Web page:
Film: Horse Girl

A Netflix original film, Horse Girl (2020) is an esoteric piece with an indie look and quirky tone. While the film left me ambivalent, it’s ultimately a compelling watch, due primarily to a convincing, deep-dive lead performance from Alison Brie. She portrays Sarah, a soft-spoken woman who lives a simple, unassuming life. Sarah works at a crafts store, gets along with her coworker Joan (Molly Shannon), and has an amiable enough acquaintanceship with her roommate Nikki (Debby Ryan). But there’s not much going on in her life, and an obvious sadness in her past. When Nikki whips up an impromptu birthday party for her, things start to look up: she hits it off with Darren (John Reynolds), a nice guy who also happens to share the name of a character on her favorite science fiction show, Purgatory. But then odd, inexplicable things start happening to her: sleepwalking, aural hallucinations, gaps in her memory. Is something science fictional happening, or is she succumbing to the mental illness that runs in her family?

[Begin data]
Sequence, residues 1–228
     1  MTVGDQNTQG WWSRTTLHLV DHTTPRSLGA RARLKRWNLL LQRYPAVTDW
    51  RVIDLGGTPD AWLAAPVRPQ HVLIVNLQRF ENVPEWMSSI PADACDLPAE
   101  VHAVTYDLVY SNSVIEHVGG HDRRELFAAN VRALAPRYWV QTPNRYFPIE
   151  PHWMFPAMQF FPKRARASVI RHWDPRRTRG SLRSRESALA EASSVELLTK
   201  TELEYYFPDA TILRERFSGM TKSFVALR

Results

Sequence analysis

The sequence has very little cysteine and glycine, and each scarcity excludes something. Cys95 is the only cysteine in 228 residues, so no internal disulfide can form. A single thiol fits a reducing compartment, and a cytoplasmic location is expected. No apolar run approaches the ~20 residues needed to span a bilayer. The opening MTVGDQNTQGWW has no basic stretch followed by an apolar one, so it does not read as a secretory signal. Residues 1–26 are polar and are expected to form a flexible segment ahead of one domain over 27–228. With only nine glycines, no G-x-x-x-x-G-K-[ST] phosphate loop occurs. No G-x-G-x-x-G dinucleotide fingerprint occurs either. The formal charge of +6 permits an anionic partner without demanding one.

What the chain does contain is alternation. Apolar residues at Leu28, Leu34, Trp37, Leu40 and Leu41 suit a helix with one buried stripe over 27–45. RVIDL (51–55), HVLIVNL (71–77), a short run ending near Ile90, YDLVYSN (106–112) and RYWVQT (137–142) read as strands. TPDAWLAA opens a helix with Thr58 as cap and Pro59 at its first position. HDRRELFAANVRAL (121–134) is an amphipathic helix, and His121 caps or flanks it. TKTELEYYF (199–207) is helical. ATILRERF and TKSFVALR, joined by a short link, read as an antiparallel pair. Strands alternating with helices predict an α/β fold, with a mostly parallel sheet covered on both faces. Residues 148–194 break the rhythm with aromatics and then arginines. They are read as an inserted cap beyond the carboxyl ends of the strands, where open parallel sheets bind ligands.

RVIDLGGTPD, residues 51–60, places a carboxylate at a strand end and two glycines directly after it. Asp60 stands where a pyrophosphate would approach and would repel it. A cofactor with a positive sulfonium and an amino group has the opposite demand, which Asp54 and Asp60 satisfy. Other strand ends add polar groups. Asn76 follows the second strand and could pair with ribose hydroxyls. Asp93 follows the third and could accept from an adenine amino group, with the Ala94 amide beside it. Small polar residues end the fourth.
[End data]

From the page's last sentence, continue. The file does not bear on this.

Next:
If nothing else, Horse Girl keeps you guessing as to the answer to that question. I’m not sure it satisfactorily resolves the issue, though, and at times the manner in which it leverages Sarah’s mental health problems in service to story felt a little uncomfortable. But it deserves points for intriguing execution, and for serving as a showcase for Brie, who delivers a sympathetic, all-in performance. Within its occasionally problematic story machinations, there are eyebrow-raising turns and a haunting emotional verisimilitude. It doesn’t fire on every cylinder, but it definitely holds interest.

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